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Parent Leadership Development

Effective Advocacy Skills Development Opportunities for Parents

Overview: The Parent Leadership Development initiative sought to increase parents’ participation in the behavioral health workforce by helping them develop skills necessary to become more effective caregivers, providers of peer support, and advocates for systems change. This was accomplished by adapting a parent leadership curriculum, offering it across the state, and linking parent graduates to support groups and advocacy opportunities.

Need: While a system of professional services is available for Connecticut children and youth with emotional and behavioral problems, parents remain the principal caregivers. However, they receive little education about how to access services, and other supports for their children, advocate for and support other children and families, and influence the behavioral health system of care within the state. Achieving a family-driven system of care requires increased training and support for parents in both informal and formal workforce roles, improved linkages of parents to peer support opportunities, and a greater presence of parents in the boards, committees, and advisory councils that shape the system of care.


  1. To increase the ability of parents of children with emotional and behavioral problems to advocate for their children, for other children and families, and for improvements in the system of behavioral health services within Connecticut.
  2. To connect parents to specific opportunities to provide and receive support from other parents, receive additional skills training, and advocate for systems change. The advocacy role includes membership on relevant boards, councils and advisory committees.

Activities: Following a comprehensive review of parent leadership development approaches throughout the country, the Agents of Transformation (AOT) curriculum developed by a family advocacy organization in Rhode Island was selected as the foundation for training parents in Connecticut. Through a competitive process, Families United for Children’s Mental Health, a parent-run training and advocacy organization, was chosen to manage the project. With the assistance of the developer of Agents of Transformation, the curriculum was adapted to Connecticut, translated into Spanish, and subsequently revised based on experience with its use in Connecticut. A team of diverse parent leaders was recruited to serve as the lead trainers to deliver the curriculum statewide. A partnership was developed with the state and local children’s behavioral health systems and other statewide family support organizations throughout Connecticut to help identify and recruit parents to participate in the training, in regional family support activities, and as members of boards and committees. The support offered to participants included stipends for participation, transportation assistance, and provision of children’s activities while parents were in training. A Statewide Family Leadership Team consisting of parents and other caregivers helped lead and coordinate parent activities regionally. A Peer Mentor training curriculum was also adapted and offered in Connecticut, increasing the capacity of parents to offer organized peer support to other families. A peer mentor volunteer program was created in partnership with local systems of care and other family support organizations to facilitate the provision of peer support.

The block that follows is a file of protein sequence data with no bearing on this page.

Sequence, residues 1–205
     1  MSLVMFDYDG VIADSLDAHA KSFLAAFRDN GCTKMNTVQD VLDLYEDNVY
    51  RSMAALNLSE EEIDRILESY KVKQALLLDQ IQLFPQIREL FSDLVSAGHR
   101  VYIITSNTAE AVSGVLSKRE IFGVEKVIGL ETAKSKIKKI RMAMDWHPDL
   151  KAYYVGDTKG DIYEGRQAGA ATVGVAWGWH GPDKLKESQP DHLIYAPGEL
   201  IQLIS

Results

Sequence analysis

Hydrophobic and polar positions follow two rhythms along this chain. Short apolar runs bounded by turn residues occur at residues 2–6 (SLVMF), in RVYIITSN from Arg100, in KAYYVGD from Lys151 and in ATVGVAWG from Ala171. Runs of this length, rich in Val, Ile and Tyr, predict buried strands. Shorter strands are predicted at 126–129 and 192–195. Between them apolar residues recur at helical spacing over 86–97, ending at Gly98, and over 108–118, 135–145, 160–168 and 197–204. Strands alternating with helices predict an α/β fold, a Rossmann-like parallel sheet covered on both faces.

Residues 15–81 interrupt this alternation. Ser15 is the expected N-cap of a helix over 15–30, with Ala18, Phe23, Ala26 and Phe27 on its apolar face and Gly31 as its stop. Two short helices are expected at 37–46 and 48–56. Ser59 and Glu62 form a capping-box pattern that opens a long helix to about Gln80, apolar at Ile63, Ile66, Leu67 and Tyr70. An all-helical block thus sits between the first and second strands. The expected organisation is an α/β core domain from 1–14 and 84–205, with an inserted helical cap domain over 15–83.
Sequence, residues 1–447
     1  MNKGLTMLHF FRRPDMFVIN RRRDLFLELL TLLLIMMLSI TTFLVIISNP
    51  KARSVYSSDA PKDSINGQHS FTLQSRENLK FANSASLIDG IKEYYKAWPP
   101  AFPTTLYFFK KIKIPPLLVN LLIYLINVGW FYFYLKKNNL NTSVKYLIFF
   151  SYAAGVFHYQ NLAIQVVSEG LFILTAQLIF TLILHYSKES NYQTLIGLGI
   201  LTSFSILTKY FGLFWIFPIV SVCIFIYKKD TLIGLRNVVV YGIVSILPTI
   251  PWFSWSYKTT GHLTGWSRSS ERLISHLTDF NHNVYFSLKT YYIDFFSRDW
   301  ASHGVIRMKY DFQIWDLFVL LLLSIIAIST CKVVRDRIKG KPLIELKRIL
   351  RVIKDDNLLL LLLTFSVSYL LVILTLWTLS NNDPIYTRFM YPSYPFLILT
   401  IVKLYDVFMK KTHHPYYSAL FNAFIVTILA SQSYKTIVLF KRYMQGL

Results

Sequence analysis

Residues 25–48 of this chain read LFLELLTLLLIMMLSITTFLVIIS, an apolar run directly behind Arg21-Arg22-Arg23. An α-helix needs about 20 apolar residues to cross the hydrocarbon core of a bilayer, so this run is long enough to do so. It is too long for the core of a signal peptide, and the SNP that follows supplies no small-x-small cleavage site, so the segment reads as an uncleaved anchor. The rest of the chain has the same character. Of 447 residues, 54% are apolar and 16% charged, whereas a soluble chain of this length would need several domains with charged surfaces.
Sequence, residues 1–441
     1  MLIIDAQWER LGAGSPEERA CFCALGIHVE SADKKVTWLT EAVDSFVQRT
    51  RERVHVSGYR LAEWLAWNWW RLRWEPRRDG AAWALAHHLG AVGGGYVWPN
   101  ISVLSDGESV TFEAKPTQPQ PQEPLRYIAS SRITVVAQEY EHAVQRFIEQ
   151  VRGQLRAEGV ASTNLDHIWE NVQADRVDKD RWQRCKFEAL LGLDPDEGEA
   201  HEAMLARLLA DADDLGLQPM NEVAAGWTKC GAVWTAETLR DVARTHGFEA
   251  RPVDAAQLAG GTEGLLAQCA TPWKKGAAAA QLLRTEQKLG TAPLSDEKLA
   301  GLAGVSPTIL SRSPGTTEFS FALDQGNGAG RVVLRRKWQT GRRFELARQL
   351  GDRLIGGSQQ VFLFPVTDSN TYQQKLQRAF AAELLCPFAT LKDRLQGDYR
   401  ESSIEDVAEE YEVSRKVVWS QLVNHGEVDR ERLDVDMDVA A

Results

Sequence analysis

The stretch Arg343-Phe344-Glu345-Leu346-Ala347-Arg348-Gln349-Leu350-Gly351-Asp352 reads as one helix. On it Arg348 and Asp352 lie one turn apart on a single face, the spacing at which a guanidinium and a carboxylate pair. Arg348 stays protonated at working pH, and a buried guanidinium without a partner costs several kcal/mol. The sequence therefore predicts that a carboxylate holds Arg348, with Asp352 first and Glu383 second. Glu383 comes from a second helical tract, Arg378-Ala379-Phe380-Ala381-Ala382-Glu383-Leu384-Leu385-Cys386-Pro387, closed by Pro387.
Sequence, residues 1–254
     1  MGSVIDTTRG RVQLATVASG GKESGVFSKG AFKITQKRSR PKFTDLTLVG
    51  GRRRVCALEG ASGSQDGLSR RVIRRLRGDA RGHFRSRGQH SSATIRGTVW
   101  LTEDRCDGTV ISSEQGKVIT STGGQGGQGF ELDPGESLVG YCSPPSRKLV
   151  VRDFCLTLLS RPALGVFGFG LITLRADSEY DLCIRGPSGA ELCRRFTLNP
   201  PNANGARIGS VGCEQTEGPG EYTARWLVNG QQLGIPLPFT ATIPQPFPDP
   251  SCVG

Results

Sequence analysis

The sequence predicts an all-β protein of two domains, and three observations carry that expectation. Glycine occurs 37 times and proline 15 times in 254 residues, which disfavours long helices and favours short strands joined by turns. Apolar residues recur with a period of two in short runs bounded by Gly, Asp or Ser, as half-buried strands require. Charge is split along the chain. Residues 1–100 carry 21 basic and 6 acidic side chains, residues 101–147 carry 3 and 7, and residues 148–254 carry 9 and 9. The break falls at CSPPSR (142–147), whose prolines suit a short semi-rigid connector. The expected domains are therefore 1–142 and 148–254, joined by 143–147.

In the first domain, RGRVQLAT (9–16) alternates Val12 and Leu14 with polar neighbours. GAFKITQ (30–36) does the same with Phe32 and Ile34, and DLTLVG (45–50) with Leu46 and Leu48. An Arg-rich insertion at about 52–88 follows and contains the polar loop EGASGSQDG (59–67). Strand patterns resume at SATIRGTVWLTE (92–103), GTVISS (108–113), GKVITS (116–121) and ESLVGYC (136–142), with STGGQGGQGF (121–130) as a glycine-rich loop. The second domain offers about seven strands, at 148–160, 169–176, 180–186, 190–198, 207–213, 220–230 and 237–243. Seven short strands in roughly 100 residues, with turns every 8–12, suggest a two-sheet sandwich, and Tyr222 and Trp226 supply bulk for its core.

Results: The Agents of Transformation curriculum was delivered to over 260 diverse parents and family caregivers representing children and youth with behavioral health needs within 14 communities. At least 175 participants completed all six sessions of the training. Ongoing family support network activities were held in Bridgeport, Meriden, New Haven, Hartford, Waterbury, and in New London. All graduates of AOT and Peer Mentor training were invited to participate in these groups, as were other parents and caregivers. Parents were recruited to serve on local and state boards, including the Children’s Behavioral Health Advisory Council, subcommittees of the Connecticut Behavioral Health Partnership Oversight Council, and as members of teams reviewing provider agency proposals for state contracts to deliver services. The Peer Mentor training curriculum was delivered to over 37 family leaders.

Current Status: The Agents of Transformation curriculum remains available at no charge to agencies within Connecticut that wish to offer it to parents. New parent support structures developed through this initiative are being integrated into and supported by local systems of care, family advocacy organizations, and provider organizations. It is anticipated that one of these, the Partnering with Parents Network, will help connect parent leadership training graduates to opportunities to deliver peer support to other families and participate in diverse advocacy roles and activities.

Contact Information

Michael Hoge, Ph.D.
CT Workforce Collaborative on Behavioral Health

T: 203-785-5629
F: 203-785-2028